Well, let’s sup­port the small busi­ness, not these giants of cor­po­rate cap­i­tal­ism which have spread like bindweed and trans­formed the myth­i­cal high-street into iden­tikit Any­where Road. So yeah, let’s stick it to The Man and sup­port the small retailer. She’s got an idio­syn­cratic col­lec­tion of stock, she’s put her have-a-go heart and soul into the design. It’s bet­ter to buy local, buy small – you get to meet the seller, she meets you, the quality’s just bet­ter and you’re help­ing her bring up her fam­ily. This is what you ought to do.

cash registers for sale by Lynne Pettinger

cash reg­is­ters by Lynne Pettinger

Though they don’t half make it hard. I’ve been look­ing in all sorts of fancy-pants shops for door han­dles, one’s that don’t even have to turn: the sim­plest of tech­nolo­gies, and fun­da­men­tal to the effec­tive­ness of a door. One shop­keeper promises to call once they’ve checked stock, but never does. One looks at me in shock, “we do not DO doorhan­dles” he booms, for­bid­dingly and indeed fore­bod­ingly for the future of his empty shop. In the next shop, she’s on the phone. The one after used to sell door han­dles but doesn’t any­more, the next might sell them in the future as quite a few peo­ple have been ask­ing. I end up on Ebay.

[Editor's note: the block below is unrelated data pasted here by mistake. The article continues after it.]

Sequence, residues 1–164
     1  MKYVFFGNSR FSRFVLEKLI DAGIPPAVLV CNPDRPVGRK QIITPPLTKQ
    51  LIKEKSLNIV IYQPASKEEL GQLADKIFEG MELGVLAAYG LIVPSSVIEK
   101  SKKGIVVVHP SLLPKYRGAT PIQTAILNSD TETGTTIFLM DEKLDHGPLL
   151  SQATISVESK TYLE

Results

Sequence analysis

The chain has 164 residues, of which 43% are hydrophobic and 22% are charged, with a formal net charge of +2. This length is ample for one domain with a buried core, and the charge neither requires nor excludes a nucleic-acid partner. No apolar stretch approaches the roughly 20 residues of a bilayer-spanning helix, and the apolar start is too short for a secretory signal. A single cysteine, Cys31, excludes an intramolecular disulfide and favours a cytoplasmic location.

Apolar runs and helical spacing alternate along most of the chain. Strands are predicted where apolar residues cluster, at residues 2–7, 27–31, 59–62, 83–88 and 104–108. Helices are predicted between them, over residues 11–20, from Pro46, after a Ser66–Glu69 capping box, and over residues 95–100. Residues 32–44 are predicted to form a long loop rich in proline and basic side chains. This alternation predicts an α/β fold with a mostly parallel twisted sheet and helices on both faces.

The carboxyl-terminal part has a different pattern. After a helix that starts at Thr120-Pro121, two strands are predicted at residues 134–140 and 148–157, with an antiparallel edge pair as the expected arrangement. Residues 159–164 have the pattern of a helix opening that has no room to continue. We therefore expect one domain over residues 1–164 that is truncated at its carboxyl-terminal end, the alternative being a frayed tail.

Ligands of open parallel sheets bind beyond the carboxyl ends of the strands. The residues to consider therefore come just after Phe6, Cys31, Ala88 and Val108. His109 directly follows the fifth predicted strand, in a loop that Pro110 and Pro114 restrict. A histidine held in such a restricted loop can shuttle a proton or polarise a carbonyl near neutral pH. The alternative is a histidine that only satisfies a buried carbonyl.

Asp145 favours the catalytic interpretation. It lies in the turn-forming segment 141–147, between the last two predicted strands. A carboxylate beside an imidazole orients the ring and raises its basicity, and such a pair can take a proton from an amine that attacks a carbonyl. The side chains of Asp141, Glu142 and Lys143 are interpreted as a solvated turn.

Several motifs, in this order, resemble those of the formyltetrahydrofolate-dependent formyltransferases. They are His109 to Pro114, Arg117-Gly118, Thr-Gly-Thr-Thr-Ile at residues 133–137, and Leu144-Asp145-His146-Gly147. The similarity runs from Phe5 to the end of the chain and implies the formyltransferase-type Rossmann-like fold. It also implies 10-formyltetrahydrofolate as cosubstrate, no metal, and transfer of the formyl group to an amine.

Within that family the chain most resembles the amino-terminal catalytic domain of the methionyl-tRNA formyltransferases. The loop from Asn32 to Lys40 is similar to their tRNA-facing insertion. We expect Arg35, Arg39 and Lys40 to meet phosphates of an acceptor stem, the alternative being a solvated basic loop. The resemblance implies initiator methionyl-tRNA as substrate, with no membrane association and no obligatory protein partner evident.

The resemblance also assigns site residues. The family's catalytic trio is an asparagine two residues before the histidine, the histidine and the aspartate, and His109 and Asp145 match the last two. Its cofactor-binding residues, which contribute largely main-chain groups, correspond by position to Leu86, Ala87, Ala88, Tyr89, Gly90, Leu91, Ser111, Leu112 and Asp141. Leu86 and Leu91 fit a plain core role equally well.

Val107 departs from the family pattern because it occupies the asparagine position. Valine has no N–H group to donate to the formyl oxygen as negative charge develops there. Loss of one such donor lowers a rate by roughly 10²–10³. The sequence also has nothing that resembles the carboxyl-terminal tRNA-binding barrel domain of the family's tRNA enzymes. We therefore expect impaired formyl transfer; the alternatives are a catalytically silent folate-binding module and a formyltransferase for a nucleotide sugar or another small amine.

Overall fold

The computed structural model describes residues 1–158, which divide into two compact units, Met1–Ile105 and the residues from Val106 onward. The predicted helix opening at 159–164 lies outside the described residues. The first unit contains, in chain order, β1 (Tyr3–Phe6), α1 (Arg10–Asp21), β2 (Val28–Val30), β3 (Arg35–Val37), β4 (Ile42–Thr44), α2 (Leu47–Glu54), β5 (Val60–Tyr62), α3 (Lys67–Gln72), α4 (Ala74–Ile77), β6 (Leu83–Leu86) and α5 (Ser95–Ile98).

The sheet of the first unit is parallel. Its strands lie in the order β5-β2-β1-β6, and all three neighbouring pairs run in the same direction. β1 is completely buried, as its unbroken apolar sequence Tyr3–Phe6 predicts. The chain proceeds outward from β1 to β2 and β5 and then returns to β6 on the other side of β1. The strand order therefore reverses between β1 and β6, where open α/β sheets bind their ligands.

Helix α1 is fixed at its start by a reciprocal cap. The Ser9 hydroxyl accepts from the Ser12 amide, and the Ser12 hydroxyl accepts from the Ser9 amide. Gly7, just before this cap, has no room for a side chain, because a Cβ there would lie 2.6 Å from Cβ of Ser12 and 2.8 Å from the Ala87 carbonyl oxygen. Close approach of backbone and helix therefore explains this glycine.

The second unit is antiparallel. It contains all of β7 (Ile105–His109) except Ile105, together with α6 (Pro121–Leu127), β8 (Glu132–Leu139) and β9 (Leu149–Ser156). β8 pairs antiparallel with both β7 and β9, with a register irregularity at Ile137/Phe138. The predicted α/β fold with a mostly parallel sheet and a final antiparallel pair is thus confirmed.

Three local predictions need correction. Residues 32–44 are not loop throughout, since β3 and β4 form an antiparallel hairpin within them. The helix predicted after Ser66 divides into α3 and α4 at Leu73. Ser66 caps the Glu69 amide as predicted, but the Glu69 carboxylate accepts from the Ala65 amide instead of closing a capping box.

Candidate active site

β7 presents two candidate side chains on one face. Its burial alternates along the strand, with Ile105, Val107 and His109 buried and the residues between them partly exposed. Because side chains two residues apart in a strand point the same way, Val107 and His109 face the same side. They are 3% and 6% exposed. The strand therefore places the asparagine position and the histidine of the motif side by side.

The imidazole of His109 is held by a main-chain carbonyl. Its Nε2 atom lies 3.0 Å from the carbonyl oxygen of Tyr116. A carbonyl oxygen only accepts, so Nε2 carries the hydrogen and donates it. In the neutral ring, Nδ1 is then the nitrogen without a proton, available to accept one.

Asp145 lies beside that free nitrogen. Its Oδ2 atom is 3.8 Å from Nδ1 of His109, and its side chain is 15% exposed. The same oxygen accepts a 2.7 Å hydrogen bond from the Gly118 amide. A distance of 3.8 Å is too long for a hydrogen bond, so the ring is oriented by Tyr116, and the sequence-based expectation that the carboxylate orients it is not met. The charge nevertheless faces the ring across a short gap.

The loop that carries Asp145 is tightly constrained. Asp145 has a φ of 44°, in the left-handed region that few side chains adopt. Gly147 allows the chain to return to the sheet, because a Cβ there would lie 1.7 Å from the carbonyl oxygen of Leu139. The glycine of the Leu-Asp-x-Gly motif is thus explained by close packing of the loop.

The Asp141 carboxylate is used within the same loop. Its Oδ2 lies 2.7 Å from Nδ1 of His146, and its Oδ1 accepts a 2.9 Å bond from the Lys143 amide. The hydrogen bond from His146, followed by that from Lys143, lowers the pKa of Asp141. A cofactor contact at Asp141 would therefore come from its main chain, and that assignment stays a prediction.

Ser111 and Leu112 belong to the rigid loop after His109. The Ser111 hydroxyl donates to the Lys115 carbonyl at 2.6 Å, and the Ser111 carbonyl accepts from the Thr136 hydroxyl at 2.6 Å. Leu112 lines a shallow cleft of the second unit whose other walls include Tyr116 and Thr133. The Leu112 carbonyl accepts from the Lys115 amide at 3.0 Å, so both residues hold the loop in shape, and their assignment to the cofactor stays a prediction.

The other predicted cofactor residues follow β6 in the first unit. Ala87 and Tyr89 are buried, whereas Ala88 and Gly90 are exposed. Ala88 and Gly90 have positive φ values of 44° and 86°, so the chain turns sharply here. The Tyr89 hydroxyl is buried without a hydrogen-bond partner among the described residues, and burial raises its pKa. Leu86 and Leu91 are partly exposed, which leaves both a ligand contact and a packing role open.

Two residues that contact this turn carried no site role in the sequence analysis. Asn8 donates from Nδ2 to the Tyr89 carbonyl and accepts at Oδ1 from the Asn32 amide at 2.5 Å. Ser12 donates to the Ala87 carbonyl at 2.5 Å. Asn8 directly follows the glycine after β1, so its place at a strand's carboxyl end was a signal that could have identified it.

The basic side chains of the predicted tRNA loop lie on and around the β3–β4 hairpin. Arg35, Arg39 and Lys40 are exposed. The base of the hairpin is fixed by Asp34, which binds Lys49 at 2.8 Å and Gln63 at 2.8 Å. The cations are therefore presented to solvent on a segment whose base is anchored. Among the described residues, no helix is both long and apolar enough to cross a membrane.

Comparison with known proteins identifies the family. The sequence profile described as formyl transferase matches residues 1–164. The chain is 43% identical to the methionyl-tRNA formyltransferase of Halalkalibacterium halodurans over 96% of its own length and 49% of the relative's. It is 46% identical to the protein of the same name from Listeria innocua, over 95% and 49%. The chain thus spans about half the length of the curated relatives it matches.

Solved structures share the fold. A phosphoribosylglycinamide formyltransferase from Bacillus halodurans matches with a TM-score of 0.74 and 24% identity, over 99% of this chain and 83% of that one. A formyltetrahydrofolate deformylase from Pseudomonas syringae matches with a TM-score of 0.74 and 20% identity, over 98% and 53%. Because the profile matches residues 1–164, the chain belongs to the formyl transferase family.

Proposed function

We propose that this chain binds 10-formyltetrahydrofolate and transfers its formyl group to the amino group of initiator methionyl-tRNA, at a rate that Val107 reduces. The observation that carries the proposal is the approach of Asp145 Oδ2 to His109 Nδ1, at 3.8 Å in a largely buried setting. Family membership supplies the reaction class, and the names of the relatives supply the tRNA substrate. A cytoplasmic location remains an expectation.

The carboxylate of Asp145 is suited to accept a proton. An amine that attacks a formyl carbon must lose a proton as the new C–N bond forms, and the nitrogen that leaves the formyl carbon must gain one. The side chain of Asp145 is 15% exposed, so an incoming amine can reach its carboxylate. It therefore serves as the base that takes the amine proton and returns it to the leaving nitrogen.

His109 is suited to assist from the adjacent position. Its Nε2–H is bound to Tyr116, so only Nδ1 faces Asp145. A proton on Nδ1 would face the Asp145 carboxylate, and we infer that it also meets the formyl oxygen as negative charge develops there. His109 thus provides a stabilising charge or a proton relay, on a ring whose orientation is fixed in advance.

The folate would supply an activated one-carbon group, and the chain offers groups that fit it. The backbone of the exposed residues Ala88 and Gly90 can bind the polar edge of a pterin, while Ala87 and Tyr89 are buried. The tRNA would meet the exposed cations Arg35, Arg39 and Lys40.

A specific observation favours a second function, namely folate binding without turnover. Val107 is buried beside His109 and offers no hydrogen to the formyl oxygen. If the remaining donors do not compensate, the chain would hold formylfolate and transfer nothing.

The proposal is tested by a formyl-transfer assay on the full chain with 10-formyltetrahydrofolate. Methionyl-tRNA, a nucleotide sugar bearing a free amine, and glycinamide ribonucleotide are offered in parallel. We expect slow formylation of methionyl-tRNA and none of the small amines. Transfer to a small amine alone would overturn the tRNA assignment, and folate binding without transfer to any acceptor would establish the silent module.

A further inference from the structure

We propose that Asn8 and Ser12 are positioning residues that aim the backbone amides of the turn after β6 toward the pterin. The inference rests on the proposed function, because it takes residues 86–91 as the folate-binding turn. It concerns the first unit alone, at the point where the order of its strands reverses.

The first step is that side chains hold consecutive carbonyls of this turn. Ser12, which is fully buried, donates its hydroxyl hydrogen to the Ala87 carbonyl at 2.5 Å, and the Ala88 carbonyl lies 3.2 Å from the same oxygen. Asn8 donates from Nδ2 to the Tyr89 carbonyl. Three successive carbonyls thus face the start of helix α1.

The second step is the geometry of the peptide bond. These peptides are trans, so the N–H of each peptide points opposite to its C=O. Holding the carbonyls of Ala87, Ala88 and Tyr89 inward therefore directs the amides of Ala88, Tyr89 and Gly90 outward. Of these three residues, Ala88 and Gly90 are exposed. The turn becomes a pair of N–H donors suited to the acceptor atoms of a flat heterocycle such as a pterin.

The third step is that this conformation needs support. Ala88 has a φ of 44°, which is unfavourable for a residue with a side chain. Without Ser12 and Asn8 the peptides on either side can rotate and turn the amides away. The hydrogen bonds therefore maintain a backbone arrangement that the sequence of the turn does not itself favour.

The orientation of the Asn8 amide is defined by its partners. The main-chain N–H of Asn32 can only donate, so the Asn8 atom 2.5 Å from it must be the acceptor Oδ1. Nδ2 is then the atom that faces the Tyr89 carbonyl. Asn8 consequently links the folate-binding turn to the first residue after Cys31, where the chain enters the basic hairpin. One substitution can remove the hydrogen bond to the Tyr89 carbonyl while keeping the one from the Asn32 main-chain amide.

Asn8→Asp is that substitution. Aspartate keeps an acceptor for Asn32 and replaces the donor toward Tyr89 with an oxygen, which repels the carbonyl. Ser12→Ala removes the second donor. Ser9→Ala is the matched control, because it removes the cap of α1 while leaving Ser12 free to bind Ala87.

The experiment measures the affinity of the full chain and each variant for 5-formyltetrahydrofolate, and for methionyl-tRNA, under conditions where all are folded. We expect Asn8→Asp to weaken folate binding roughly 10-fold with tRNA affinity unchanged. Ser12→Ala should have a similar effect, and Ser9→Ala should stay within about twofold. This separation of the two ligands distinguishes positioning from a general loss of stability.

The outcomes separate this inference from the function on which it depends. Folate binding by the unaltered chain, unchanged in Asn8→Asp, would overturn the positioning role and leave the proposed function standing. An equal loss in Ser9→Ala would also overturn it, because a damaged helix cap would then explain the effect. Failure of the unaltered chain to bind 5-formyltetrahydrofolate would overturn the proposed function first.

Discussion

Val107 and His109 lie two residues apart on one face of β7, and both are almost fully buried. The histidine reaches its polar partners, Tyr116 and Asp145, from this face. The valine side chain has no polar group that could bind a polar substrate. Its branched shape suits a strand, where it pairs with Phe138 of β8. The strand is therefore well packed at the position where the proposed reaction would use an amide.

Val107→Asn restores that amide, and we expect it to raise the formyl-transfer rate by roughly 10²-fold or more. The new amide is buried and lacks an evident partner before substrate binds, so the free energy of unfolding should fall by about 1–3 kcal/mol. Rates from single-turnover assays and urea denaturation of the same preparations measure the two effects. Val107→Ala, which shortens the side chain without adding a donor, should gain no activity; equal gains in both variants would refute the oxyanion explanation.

There’s a lit­tle more to this post than just a rant about bad cus­tomer ser­vice. It’s not insight­ful to say that to ‘sur­vive’ the reces­sion, a busi­ness must deliver on cus­tomer ser­vice, espe­cially when it is sell­ing lux­ury. It makes me sound like a cheap con­sul­tant. Why the fail­ure to serve then, in a month where fear of busi­ness fail­ure must be present in all these traders minds? Well, to some extent its about class; there’s a dif­fi­culty in deliv­er­ing ser­vice when you’re the boss and when cus­tomer ser­vice is coded as low sta­tus. It is also about the greater demands for emo­tional labour pro­duced by the reces­sion: pretty pink presents for women don’t sell them­selves in a reces­sion; this makes it hard for ephemera shops to sur­vive. And for the shop­keeper to put on a friendly face now involves for­get­ting cred­i­tors press­ing, it demands not think­ing about the newly empty shop next door, not read­ing news­pa­per advice columns telling cus­tomers how to cut back spend­ing by not buy­ing the very things your shop sells. It’s harder emo­tional labour. And if you never needed cus­tomer ser­vice skills pre-recession, you’ve a whole lot more to learn now even as you’ve a lot more to for­get about. So if a small trader in a frip­peries shop tries to smile at you; be nice back – it’s harder for her than you imagine.